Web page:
Culture & Community | By Tom Murphy,

How to Build a Culture of Collaboration

Finding and hiring the right people is integral to the success of your organization. But no matter how capable each staff member may be, if your teams aren’t working together, you won’t get the results you’re hoping for.

Yes, you want to have high value contributors on staff, but successful companies also need successful collaboration, communication, and teamwork.

Wondering how to build a great company culture, even as you add new employees to the mix? Take a look at your current team strategies and practices to see what’s working and what isn’t. Then get brave enough to make the changes you need.

Here are several ways to ensure you’re building the kind of team you need, and the kind of team your employees want to be part of.

It’s all about the “why”

When you’re the one creating the company vision, it can be easy to fall into the trap of assuming everyone in the organization understands why  you’re doing what you’re doing, and why it’s so critical.

This isn’t necessarily the case. The truth is, you can never explain in too much detail what gives you your fire and drives your organization. You can never tell that story too many times.

Bottom line: Once you help your team understand the “why” behind your vision, you may be shocked at how quickly and efficiently they will be able to execute on the “how.

Stay focused

You have a vision for where you want to go and how you want to get there. But creating and communicating that vision isn’t enough. You’ve got to commit to it 100%. Or more.

Recruit, hire and promote with this vision in mind.

Unfortunately, sometimes you’ll have to let people go with this vision in mind as well. If you have team members who aren’t willing or able to help execute the vision, cut them loose. Don’t kid yourself into thinking you’re taking care of your people by hanging on to employees who are no longer a good fit. Doing so destroys your leadership credibility and weakens the team, and that’s not fair to anyone.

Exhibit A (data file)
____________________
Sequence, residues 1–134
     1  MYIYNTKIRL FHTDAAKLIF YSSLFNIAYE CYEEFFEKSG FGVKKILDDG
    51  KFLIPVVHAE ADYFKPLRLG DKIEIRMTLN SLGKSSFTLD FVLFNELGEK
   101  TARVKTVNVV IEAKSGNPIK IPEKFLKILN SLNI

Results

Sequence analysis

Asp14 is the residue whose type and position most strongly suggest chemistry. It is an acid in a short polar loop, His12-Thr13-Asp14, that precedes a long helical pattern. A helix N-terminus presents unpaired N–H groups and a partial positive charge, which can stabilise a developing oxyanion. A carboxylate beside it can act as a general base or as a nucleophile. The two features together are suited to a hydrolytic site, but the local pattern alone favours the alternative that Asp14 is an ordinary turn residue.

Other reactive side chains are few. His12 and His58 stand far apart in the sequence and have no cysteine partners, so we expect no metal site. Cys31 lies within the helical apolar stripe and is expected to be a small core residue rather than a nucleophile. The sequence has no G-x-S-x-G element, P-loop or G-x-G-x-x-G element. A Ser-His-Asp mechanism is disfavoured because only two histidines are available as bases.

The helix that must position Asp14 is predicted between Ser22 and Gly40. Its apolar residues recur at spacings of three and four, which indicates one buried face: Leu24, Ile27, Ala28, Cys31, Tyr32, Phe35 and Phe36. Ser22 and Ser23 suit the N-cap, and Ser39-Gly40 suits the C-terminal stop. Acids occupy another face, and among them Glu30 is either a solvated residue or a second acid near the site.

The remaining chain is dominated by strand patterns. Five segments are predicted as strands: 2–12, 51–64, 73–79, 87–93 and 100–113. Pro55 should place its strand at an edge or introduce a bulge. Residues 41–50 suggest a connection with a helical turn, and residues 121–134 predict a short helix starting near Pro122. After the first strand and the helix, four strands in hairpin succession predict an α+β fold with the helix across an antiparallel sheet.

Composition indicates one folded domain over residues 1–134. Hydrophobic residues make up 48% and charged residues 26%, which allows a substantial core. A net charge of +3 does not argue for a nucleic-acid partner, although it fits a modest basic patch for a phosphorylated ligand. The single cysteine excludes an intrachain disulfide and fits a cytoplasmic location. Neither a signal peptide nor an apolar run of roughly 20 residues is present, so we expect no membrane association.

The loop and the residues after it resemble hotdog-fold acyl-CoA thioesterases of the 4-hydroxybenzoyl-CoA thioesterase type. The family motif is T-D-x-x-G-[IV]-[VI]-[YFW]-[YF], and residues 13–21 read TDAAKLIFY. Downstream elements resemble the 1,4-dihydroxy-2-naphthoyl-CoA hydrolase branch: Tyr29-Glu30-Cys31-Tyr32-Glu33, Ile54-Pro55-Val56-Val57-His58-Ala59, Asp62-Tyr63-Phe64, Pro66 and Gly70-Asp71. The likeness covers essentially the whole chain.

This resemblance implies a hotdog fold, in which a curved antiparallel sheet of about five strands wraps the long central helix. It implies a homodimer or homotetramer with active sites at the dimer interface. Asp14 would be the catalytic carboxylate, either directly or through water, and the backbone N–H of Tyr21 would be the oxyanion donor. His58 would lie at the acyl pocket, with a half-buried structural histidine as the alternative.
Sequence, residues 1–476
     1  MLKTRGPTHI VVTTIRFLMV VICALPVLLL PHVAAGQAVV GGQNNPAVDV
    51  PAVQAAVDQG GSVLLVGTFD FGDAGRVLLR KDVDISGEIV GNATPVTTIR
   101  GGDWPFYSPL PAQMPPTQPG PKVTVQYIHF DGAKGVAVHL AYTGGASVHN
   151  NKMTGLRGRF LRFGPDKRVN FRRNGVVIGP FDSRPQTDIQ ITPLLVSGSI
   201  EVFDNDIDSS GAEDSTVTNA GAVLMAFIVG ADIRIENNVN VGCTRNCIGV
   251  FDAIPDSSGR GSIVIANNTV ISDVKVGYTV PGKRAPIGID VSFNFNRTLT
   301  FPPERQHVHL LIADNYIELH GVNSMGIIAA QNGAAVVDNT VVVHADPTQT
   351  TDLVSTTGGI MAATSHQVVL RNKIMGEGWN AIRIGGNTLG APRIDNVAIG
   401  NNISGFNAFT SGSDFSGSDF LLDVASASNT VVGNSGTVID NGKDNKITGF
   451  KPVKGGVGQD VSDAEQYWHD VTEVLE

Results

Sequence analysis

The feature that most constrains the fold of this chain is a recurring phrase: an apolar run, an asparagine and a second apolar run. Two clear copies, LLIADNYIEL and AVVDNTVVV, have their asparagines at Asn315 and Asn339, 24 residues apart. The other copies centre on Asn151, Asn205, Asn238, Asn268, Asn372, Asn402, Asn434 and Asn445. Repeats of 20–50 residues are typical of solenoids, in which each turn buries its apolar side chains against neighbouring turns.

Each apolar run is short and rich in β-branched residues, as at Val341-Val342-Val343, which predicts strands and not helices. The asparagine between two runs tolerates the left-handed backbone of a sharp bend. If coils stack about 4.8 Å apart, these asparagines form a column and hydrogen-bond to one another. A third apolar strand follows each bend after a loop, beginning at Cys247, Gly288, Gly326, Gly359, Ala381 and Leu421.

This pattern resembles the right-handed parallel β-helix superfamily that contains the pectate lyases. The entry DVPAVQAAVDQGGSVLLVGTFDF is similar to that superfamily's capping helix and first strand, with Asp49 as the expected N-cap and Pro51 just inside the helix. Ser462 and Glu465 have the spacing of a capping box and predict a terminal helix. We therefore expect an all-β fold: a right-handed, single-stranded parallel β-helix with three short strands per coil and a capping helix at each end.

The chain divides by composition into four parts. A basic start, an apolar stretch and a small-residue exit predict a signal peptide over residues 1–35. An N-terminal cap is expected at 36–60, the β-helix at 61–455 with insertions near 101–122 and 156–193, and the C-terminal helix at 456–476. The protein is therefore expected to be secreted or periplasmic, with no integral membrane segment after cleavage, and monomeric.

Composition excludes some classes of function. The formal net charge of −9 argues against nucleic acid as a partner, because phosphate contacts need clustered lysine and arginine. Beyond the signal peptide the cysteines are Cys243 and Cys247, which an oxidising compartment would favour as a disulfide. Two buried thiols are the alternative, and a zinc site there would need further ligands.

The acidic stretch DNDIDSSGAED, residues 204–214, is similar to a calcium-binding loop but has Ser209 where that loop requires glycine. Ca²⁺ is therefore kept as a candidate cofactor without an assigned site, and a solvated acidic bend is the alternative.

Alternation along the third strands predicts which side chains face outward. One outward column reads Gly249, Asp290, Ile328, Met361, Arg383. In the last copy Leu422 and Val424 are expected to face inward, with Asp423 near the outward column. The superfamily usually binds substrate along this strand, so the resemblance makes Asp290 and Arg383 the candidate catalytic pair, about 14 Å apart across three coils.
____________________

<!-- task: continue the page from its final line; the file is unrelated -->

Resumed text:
Bottom line: The sooner your entire team is aligned, the sooner you can get moving in the right direction.

Keep your best and brightest

As you begin let go of those employees who are no longer a good fit for the organization, be careful that you don’t inadvertently lose some of your golden nuggets. Change is disruptive by nature, and it can test employee confidence and loyalty. Never assume your best employees will easily pass that test.

Look for opportunities to reinforce your confidence in your top performers. Let them know you recognize and appreciate their capabilities, and help them see how they fit into the changing picture.

Be sure your compensation program is designed to motivate and incentivize, not deflate and desensitize. Realistic goals, genuine appreciation, and healthy dose of positivity will go a long way here.

Bottom line: The more valued your employees feel, the more secure and loyal they will feel.

Get connected

Horizontal connections are often ignored in companies ripe with silos. There are silos that separate departments, teams, and even individuals.

More importantly, there are silos separating leadership from everyone else.

Make sure your leadership team remains in touch with people at all levels in the organization. Every great employee and incredible leader had to start somewhere. Ignoring certain segments of the organization can cause you to miss out on innovative ideas and future stars. Today’s entry level staff person could be tomorrow’s CEO.

Build bridges between teams and individuals to allow the transfer of knowledge, ideas, and confidence.

Bottom line: Whether your employees have been with you a week or a decade, they will appreciate feeling connected and being part of something bigger.

Inspire communication

Keep communication channels open, not only between leadership and staff, but across teams and between employees.

This should be a top priority and part of your overall company culture and commitment to employees. Make communication part of your onboarding process and embed it into everything you do.

Bottom line: Transparency is one of the best ways to build trust. Establish clear communication patterns and lead by example.

Admire your work

The kind of team and culture you create will determine the kind of employees and customers you attract— and how loyal they will be to your brand.

Make sure your organization embodies your values from the ground up. If you’ve built a solid framework, more people will willingly jump onboard.

And that is a thing of beauty.


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